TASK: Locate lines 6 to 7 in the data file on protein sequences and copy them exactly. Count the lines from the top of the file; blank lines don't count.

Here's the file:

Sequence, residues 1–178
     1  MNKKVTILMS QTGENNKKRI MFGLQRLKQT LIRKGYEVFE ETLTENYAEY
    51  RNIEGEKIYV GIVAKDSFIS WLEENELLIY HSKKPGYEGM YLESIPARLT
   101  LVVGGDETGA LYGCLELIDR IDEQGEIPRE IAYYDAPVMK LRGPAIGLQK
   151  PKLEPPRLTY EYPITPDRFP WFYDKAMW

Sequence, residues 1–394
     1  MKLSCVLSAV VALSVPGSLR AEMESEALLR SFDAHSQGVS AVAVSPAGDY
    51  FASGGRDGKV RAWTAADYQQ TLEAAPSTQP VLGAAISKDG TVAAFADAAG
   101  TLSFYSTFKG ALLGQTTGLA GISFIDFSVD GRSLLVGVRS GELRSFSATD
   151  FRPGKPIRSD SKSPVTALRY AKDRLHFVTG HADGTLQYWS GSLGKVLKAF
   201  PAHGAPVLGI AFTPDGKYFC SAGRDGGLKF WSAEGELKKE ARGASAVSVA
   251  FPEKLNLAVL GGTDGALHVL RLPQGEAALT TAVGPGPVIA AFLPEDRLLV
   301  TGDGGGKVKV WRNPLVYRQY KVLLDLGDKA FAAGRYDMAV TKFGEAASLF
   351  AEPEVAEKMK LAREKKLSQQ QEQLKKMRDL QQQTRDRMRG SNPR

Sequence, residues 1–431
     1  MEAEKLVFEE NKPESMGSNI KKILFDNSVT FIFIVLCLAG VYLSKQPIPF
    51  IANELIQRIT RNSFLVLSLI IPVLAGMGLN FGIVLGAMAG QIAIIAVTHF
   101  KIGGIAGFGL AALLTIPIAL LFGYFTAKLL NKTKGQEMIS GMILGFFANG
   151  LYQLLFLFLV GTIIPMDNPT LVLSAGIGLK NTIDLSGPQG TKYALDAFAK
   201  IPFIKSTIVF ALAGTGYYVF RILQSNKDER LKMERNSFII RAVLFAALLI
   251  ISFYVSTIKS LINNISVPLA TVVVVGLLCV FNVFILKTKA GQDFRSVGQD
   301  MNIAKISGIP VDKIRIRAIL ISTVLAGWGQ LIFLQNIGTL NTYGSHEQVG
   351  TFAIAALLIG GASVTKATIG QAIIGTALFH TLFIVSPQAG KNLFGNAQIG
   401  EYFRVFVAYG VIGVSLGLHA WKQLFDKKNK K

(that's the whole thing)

Sequence, residues 1–394
     1  MKLSCVLSAV VALSVPGSLR AEMESEALLR SFDAHSQGVS AVAVSPAGDY